• Detailed temperature chart to exclude factitious fever.
  • Skin changes; Rashes.
  • Abdominal tenderness.
  • New or altered cardiac murmurs.
  • New or altered arthritis.
  • Tenderness over the temporal artery.

Common causes of PUO (8)

Infection (~30%):


  • Abdominal abscess - swinging fever, abdominal mass
  • Extra pulmonary/disseminated TB
  • Infective Endocarditis - heart murmur, splinter haemorrhages, more common in intra-venous drug users.
  • Osteoarticular infections - pain, redness and swelling, may be in atypical joints.
  • Typhoid/enteric fevers - travel particularly to developing areas, diarrhoea and relative bradycardia.
  • Endemic mycosis
  • EBV infection - tonsilar enlargement, cervical lymphadenopathy and hepatosplenomegaly
  • CMV infection - as above
  • Brucellosis - travel to affected areas, exposure to animals or work in food preparation and ingestion of unpasteurised dairy or raw meats
  • Leishmaniasis - travel and exposure to insect bite (sand-fly), skin lesions, hepatosplenomegaly and pancytopaenia.
  • Prostatitis - urinary symptoms, lower back pain, recent UTI or STI, catheterisation
  • Malaria - Travel and exposure to insect bite (mosquito), recurring or intermittent fever, chills and rigors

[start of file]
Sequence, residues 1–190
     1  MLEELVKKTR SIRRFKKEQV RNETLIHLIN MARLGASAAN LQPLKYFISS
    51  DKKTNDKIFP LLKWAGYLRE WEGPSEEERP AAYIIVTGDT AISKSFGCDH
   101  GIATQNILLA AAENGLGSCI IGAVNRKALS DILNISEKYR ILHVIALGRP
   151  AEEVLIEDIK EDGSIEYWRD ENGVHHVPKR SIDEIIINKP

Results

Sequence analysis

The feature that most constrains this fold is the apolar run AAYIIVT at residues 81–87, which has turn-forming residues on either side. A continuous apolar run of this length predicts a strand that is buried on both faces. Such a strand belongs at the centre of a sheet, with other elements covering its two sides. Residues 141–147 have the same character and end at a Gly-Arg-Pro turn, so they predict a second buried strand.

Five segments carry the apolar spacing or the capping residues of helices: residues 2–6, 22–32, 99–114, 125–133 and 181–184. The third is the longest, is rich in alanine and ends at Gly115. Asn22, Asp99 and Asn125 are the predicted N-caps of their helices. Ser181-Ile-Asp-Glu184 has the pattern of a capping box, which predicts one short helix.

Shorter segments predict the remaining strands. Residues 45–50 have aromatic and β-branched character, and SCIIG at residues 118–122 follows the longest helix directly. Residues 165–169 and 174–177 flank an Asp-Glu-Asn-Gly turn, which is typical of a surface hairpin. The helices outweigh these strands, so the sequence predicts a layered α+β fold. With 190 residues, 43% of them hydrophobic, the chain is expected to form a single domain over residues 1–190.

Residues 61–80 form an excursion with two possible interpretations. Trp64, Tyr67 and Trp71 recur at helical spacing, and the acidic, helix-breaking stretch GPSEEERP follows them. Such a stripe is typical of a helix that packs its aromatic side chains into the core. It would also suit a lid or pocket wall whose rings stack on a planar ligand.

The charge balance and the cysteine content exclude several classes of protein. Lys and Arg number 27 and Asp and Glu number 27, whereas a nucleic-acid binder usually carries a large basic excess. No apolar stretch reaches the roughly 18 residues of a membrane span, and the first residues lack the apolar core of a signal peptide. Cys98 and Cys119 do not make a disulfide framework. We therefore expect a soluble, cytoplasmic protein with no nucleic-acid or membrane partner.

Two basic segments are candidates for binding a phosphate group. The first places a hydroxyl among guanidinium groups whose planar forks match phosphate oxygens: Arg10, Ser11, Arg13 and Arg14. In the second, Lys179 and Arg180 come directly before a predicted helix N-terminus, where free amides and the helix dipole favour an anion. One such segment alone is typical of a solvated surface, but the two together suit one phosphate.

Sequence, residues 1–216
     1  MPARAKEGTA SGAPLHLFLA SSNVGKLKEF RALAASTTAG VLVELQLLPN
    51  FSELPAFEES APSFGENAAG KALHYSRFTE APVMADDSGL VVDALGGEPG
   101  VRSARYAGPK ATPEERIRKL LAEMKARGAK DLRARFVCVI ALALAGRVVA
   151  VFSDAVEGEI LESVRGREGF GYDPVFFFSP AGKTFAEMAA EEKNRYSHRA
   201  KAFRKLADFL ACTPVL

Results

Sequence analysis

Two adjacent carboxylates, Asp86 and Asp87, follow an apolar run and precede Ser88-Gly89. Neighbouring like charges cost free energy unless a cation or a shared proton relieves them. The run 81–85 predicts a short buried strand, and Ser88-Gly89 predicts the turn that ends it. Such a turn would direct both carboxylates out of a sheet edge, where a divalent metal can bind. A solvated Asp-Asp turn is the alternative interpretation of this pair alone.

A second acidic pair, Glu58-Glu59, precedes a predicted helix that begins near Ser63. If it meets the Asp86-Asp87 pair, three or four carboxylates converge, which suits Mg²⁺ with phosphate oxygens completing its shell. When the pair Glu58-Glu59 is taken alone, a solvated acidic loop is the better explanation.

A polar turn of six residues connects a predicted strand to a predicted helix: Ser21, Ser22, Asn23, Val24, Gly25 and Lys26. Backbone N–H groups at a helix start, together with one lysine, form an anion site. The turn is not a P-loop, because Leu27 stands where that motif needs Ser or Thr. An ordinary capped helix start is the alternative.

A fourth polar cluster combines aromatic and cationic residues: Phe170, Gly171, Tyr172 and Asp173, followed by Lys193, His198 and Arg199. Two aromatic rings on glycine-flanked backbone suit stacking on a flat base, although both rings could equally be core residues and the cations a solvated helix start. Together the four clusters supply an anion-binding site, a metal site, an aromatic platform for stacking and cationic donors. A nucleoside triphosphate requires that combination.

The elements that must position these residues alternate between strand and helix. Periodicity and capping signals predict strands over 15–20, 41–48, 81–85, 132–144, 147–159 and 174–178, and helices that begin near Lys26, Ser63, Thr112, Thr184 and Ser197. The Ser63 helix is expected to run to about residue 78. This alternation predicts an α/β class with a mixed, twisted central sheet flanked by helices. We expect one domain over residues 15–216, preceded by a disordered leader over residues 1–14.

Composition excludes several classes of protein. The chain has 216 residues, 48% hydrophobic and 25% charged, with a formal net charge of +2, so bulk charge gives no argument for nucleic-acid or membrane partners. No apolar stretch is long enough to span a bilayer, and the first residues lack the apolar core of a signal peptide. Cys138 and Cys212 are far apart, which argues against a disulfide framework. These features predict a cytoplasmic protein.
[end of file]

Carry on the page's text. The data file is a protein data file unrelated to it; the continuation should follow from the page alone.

• Rickettsial infections - travel and exposure to insect bite (lice, fleas or tic), skin lesions or GI changes
  • Dental abscess - swelling or pain
  • Chronic sinusitis - tenderness on palpation of sinuses, mucosal inflammation.


    Miscellaneous (~20%)


    • Drug fever - recent change in medication
    • Factitious fever
    • Mediterranean familial fever - at risk ethnic group, recurring periodic fever, usually begins when young
    • Deep vein thrombosis/Pulmonary embolism
    • Hyperthyroidism


      Neoplasm (20%):


      • Lymphoma - weight loss, night sweats, anorexia, fatigue and lymphadenopathy
      • Hepatoma - hepatitis or alcoholism history, pruritus, jaundice, RUQ pain
      • Hepatic metastasis
      • Renal cell carcinoma - fatigue, weight loss, hypertension, may present only with fever
      • Leukaemia - bruising, fatigue, lymphadenopathy, hepatosplenomegaly, night sweats and weight loss